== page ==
- If you want to produce berries every single year, you’ll need to develop a two year production cycle.
- Split your patch in half (approximately) and mow one half of the patch at the end of the season (in Oct/Nov, using a lawn mower, electric trimmer, or flail mower). Leave the other half of the patch unmowed.
- In the spring, you will see that your mowed patch begins to grow stems and buds and as the season progresses, the stems will grow taller but you will not see any berries. This is known as the “prune year” and the goal is vegetative growth for next year’s berry harvest.
- The other side which was not mowed will produce berries. In the fall, mow this side for berries the following year. In short, you will mow half of your patch every year, alternating
- sides. Berries will be produced on each field in alternating years.
- Burning blueberry plants is another way of pruning the plant, however this is not recommended to homeowners for safety reasons.
- Identify your soil pH by taking a soil sample. See note above about sampling.
- Apply softwood mulch among sod pieces, between blueberry stems, and so that bare spots are covered with 1 – 2 inches of mulch; this adds organic matter and holds moisture, aiding in WBB root development. Softwood mulch is a good choice because it is already a lower pH material and it is readily available in Maine.
- Water. WBB need approximately 1 inch of water per week in both the prune and crop years. Ensure your plants are receiving enough water and irrigate as needed.
- Manage weeds.
- Maintaining a soil pH between 4.0 and 4.5 reduces competition from grasses and broadleaf weeds. For woody tree saplings (e.g. birch, willow, alder) and ferns (e.g. sweet, bracken), cutting is the best management option. Cut these saplings and ferns to the ground 3 times each year. The goal is to let the plant put energy into above ground vegetative growth instead of developing a stronger root system. Cut the undesired plant, let the plant grow back again, cut it again, and repeat until the plant stops regrowing.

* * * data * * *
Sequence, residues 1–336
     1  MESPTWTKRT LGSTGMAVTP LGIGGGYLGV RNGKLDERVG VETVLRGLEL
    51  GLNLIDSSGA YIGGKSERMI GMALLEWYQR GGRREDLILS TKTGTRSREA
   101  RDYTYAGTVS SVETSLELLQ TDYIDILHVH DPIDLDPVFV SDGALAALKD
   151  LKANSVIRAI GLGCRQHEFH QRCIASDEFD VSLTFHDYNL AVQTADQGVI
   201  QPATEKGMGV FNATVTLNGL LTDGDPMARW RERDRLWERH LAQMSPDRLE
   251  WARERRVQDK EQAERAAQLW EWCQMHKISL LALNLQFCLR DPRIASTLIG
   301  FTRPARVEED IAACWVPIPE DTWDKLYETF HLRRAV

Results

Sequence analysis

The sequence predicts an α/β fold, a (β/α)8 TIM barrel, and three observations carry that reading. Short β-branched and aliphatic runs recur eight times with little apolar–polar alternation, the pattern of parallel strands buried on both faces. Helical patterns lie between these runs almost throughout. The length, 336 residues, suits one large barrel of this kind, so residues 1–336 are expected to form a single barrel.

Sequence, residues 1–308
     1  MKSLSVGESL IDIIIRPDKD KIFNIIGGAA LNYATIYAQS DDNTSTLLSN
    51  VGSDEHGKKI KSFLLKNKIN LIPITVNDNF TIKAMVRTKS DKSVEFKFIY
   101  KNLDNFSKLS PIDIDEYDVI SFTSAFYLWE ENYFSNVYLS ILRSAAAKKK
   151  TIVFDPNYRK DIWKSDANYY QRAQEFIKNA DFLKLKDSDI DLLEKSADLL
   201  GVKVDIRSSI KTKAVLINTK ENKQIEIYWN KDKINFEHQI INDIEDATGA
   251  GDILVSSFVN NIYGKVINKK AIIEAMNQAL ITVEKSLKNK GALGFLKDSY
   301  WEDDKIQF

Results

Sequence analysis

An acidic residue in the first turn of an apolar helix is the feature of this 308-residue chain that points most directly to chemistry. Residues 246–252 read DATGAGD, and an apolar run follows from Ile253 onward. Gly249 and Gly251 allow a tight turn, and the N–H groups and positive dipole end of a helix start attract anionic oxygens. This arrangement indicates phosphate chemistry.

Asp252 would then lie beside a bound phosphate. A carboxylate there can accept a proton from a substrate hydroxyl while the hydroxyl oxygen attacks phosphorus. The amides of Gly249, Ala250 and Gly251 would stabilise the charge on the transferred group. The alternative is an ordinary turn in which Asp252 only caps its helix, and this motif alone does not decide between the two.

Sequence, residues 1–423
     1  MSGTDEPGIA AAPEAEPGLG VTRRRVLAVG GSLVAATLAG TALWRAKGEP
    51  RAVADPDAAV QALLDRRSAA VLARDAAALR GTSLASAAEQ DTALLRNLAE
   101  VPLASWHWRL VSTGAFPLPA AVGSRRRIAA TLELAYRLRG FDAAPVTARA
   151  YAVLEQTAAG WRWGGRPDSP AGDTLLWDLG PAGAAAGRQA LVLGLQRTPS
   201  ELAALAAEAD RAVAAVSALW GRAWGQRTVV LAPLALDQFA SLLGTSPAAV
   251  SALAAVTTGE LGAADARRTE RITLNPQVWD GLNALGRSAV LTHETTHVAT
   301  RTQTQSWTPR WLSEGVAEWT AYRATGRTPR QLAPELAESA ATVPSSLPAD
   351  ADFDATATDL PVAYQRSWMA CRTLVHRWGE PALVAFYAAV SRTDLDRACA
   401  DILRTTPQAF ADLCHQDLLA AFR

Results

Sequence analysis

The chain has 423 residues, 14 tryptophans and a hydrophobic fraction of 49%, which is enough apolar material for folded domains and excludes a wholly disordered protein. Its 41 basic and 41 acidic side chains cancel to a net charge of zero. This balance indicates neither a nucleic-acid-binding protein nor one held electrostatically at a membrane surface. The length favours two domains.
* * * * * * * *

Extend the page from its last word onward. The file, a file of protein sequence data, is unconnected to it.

General best practices:
- Encourage pollinators! WBB are pollinated by a range of insect species including many native bee species and managed honey bees. Entice those pollinators to come to your WBB, as opposed to all those other flowering plants out there, by planting pollinator-friendly plants that bloom throughout the season. Consider how your use of certain pesticides might adversely impact pollinator populations.
- Sunlight. WBB grow best in full sunlight. If other plants are shading your WBB, you may need to prune or move those plants.
- Fertilizer. Keep in mind, fertilizers can feed WBB and weeds so fertilizing is not always needed. Fertilizers for acidic plants contain soluble ammonium nitrogen, which allow nutrients to be taken up in the acidic WBB soils. Organic gardeners may want to use products such as Pro-Holly.
If the plants are not growing or bearing well, start by looking at the following:
- Soils: are they acidic (4.0 – 4.5 pH) and well-drained?
- Sunlight: is there enough?
- Water: is there enough?
Still stuck? Contact Cooperative Extension: Dr. Lily Calderwood, firstname.lastname@example.org, 207-812-2915